As Shrove Tuesday approaches, major cities in the world are gearing up for carnival. Until last year I was a carnival virgin, but decided to dip my toe in the carnival spirit - quite literally as it transpired - in the Central American country of Panama.
Like Rio in Brazil, Panama parties like there’s no tomorrow on the days surrounding Shrove Tuesday with dancing in the streets, parades of colourful floats and the crowning of beautiful leggy carnival queens dressed in sequins, fishnets and feathers.
Panama’s carnival dates back to colonial times and is celebrated in several provinces including Coclé, Herrera and Los Santos
But I was right in the thick of it in Panama City. Called la Jumbo Rumba, Carnaval de la City, the festivities began with the coronation of Queen Stephanie and her two attendant ‘princesses’ who then appeared in various changes of costume throughout the five day celebrations
Over 150,000 people flocked to the City’s coastal strip each day to dance, sing, eat drink and – get soaked. Each morning at 10 the culecos begin as hoses from giant tanker trucks were turned on the crowds.
Drenched but happy, everyone continued to cavort. Children contributed to the chaotic atmosphere by spraying bystanders with water pistols or shaving foam as the scenes became increasingly surreal.
A woman walked by with a tray of toffee apples on her head , swaying between balloon vendors and people dressed as zombies or witches on stilts. Somewhere in the crowd a man was dancing with a blow-up doll
The final night of carnival was celebrated with fireworks and live music provided by Panama’s favourite singer, Ruben Blades, whose rendition of the song Patria (Fatherland)which many Panamanians consider their second national anthem, had the crowds in tears.
The Queen and princesses reigned serene (and were among the few onlookers who kept dry) throughout the weeks’ antics
After partying till dawn revellers require a hearty breakfast. The Full Panamanian – desayunos (breakfast) is a plate groaning with cholesterol.
I stopped off at the roadside café La Hacienda on the road to Capira with my bleary eyed fellow carnival animals. First order was for coffee, which in Panama is called Panama Joe. The tortillas were a bit of a surprise, not Mexican-style but deep-fried corn batter topped with eggs and cheese, something akin to huevos rancheros. Hojaldras, deep-fried bread sprinkled with powdered sugar like a Panamanian doughnut, seem to be another common breakfast staple.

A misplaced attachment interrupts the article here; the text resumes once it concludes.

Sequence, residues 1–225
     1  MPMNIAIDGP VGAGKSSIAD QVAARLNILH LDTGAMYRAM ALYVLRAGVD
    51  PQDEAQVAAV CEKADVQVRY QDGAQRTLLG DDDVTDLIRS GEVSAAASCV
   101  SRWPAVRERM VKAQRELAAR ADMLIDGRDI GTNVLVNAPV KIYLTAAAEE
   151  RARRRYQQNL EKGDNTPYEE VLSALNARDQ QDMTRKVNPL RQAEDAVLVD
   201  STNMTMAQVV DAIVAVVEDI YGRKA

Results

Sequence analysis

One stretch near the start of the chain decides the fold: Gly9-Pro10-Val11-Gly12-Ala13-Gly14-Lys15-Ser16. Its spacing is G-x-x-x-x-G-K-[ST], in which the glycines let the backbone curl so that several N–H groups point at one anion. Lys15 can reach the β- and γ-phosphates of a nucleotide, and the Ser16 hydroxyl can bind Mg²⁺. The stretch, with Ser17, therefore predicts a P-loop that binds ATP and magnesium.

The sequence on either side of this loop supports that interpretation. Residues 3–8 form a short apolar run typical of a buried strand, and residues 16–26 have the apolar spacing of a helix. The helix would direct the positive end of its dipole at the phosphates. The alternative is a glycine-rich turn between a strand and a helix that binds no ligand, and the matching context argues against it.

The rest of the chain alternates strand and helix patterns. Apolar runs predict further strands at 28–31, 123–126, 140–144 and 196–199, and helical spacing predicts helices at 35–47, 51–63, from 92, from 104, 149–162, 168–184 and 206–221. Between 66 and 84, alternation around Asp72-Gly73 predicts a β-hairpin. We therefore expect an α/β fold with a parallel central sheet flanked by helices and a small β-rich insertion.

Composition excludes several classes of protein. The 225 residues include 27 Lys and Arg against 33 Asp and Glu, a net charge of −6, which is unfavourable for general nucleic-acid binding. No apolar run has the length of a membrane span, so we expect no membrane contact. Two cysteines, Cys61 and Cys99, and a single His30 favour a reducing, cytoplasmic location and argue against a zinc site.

There is perhaps no dish more emblematic of Panama than the sancocho, a chicken stew made with a starchy root called name.Sancocho is said to put strength back into your body after a late night out, which describes most nights during carnival time
A visit to the historic Panama Canal, said to be one of the Wonders of the World, is a must of course. Escaping the madness of carnival, a morning spent watching majestic ships pass through this staggering feat of engineering was strangely calming. The Panama Canal is 80 kilometres long from the Atlantic to the Pacific Ocean and a ship takes about 8 to 10 hours to cross it.
Panama Canal was excavated in one of the narrowest and lowest parts of the mountainous Isthmus of Panama, linking North and South America. Open every day of the year, it is possible to see 5,000,000 ton vessels rise and drop more than 50 feet in the locks as they make their way over the isthmus from one ocean to the other. The Miraflores Visitors’ Centre is only 15 minutes from downtown Panama City and has interactive exhibits explaining the workings of the canal and its history.
A boat trip from the canal across Gatun Lake provided a glimpse of local flora and fauna including monkeys and crocodiles, and the opportunity to cruise out to visit some indigenous peoples who live here such as the Embera Indians who welcomed us with traditional dances and music.
Portobelo, in Colon, once the greatest Spanish port in the region, is where one can still see the remains of forts which preserve the memory of attacks from famous pirates such as Henry Morgan and Francis Drake, whose is buried beneath the sea here.. I stepped inside the church, Iglesia San Felipe, which now houses the Black Christ statue. Nobody knows exactly how or when it arrived in the tiny community of Portobelo on the Caribbean coast. Some put the date at around 1658. But the stories of miracles surrounding the eight-foot wooden statue of the Black Christ are enough to overwhelm the village with tens of thousands of pilgrims every October 21.
Some walk the 53 miles from Panama City, thousands walk the last 22 miles from Sabanitas, and many crawl the last mile on hands and knees to worship before El Nazareno, one of the names given to the Black Christ by locals.
Back in the city, I gaped at the innovative Frank Gehry-designed Bio Museo, a space celebrating ecological diversity which opened last year. Panama City's new Cinta Costera (Coastal Belt) creates a green stripe of waterfront paths that finishes in Casco Viejo, a stunning historic neighbourhood rebuilt after decades of neglect. The old town vies with old Havana and San Juan for authentic colonial Spanish charm and the architecture of Casco Viejo which was once left to fade and crumble is now attracting artists, writers and former ambassadors who have homes here.